MANHATTAN, Kan., Nov. 19 (UPI) — U.S. scientists say they’ve studied fecal matter from thousands of cattle across the nation to determine the possible effects of climate change on livestock.
Kansas State University Assistant Professor Joseph Craine, Associate Professor K.C. Olson and colleagues compared grasslands and pastureland in different regions in the U.S, gathering data from more than 21,000 different fecal samples collected during a 14-year period.
The samples were analyzed at the Texas A&M University’s Grazingland Animal Nutrition Lab for nutritional content.
“Owing to the complex interactions among climate, plants, cattle grazing and land management practices, the impacts of climate change on cattle have been hard to predict,” said Craine, who led the study.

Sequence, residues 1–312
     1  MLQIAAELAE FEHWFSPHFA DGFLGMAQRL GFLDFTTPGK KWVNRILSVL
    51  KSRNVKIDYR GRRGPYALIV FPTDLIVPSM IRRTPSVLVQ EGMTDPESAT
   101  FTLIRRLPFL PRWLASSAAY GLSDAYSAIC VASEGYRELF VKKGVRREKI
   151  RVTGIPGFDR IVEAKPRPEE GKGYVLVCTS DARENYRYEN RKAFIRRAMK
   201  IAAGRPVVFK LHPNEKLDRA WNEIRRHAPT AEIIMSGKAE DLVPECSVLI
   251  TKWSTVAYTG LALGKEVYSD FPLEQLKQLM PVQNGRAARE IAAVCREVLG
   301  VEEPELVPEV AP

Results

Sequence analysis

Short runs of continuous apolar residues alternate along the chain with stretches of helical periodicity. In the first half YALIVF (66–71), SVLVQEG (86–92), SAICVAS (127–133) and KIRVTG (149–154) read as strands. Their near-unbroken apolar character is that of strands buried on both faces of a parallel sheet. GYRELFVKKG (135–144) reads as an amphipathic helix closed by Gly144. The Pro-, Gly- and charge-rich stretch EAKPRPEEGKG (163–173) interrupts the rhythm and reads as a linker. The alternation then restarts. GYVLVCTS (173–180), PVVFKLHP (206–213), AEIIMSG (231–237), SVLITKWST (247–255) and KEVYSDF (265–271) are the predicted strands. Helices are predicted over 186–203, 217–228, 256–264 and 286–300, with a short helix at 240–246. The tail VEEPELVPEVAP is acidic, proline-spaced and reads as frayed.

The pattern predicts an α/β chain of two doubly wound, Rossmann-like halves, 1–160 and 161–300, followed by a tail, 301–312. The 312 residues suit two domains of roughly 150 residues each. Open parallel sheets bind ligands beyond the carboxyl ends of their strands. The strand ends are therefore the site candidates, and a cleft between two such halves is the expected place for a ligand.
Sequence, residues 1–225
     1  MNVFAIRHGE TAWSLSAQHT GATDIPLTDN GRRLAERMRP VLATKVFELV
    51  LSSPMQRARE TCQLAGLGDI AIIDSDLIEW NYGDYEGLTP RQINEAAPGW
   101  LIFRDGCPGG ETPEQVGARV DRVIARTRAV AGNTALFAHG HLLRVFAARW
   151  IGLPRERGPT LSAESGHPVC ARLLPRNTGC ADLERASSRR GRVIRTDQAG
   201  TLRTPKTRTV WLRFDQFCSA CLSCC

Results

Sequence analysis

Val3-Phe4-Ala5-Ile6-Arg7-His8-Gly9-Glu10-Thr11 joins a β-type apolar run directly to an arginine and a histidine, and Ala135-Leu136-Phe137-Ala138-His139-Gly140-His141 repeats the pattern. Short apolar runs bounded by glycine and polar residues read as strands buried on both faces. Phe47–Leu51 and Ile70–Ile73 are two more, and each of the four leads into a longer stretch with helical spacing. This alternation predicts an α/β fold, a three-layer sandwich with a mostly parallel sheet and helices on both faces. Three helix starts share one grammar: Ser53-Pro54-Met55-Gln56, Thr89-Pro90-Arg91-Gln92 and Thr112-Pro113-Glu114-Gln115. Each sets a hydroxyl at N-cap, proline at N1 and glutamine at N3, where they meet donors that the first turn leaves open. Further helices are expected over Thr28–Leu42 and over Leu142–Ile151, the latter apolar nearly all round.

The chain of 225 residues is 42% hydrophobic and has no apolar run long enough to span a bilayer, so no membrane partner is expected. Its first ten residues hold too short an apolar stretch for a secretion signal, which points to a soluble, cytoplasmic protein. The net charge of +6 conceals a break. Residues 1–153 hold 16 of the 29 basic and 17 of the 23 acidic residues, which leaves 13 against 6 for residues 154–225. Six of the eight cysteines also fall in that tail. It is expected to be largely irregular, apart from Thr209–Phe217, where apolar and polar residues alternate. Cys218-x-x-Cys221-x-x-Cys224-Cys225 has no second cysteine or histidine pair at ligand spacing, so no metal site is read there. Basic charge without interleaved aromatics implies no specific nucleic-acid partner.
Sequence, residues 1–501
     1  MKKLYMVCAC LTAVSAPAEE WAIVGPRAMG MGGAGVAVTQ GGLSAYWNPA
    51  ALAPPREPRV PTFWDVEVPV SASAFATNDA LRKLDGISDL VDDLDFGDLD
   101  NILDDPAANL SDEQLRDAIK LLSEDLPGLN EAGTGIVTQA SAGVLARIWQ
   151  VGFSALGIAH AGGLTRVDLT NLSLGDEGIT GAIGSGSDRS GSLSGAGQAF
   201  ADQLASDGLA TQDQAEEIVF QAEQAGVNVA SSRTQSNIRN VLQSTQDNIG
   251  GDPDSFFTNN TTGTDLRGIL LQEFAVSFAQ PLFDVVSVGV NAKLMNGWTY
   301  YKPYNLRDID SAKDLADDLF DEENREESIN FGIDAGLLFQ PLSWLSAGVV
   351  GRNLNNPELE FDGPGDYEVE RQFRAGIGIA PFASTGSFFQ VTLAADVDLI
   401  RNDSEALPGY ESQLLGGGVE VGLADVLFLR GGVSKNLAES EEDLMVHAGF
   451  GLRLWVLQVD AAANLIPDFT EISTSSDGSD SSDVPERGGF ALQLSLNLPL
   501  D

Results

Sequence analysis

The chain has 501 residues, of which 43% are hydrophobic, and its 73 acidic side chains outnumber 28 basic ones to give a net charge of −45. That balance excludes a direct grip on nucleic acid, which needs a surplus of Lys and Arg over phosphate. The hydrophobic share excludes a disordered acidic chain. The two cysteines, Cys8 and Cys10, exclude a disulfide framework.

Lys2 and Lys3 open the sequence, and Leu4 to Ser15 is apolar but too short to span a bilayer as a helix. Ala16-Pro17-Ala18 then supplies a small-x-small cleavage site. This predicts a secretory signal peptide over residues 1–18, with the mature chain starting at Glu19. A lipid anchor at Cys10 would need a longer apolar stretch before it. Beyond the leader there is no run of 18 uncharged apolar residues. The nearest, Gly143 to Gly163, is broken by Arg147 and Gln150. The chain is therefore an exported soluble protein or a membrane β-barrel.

He said the lab measured the amount of crude protein and digestible organic matter retained by cattle in the different regions. Craine said the pattern of forage quality observed across regions suggests a warmer climate would limit protein availability to grazing animals.
“This study assumes nothing about patterns of future climate change; it’s just ‘a what if?’ ” Olson said. “What if there was significant atmosphere enrichment of carbon dioxide? What would it likely do to plant phenology? If there is atmospheric carbon dioxide enrichment, the length of time between when a plant begins to grow and when it reaches physiological maturity may be condensed.”
The research and the findings appear in the journal Global Change Biology.
Copyright 2009 by United Press International